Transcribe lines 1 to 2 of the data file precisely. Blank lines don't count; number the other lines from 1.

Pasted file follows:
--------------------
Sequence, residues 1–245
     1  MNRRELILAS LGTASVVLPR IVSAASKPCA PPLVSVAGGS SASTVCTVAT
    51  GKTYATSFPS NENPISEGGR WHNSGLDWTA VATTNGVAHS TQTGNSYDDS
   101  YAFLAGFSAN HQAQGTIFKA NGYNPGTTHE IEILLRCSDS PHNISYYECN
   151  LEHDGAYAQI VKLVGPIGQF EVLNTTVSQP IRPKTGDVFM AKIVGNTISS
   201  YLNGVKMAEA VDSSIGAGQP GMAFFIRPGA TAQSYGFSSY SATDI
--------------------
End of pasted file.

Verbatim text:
Sequence, residues 1–245
     1  MNRRELILAS LGTASVVLPR IVSAASKPCA PPLVSVAGGS SASTVCTVAT